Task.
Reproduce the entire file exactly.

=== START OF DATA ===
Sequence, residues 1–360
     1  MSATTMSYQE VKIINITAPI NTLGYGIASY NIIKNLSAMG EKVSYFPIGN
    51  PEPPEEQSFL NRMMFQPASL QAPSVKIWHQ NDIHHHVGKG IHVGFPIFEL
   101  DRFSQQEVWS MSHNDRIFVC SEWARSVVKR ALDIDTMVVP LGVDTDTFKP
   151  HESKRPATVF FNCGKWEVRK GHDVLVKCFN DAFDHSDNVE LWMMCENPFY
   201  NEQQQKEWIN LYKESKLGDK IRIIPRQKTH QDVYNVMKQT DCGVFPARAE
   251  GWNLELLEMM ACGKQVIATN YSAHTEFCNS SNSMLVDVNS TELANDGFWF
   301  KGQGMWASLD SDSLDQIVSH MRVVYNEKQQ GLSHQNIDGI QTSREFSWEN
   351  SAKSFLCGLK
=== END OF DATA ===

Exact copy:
Sequence, residues 1–360
     1  MSATTMSYQE VKIINITAPI NTLGYGIASY NIIKNLSAMG EKVSYFPIGN
    51  PEPPEEQSFL NRMMFQPASL QAPSVKIWHQ NDIHHHVGKG IHVGFPIFEL
   101  DRFSQQEVWS MSHNDRIFVC SEWARSVVKR ALDIDTMVVP LGVDTDTFKP
   151  HESKRPATVF FNCGKWEVRK GHDVLVKCFN DAFDHSDNVE LWMMCENPFY
   201  NEQQQKEWIN LYKESKLGDK IRIIPRQKTH QDVYNVMKQT DCGVFPARAE
   251  GWNLELLEMM ACGKQVIATN YSAHTEFCNS SNSMLVDVNS TELANDGFWF
   301  KGQGMWASLD SDSLDQIVSH MRVVYNEKQQ GLSHQNIDGI QTSREFSWEN
   351  SAKSFLCGLK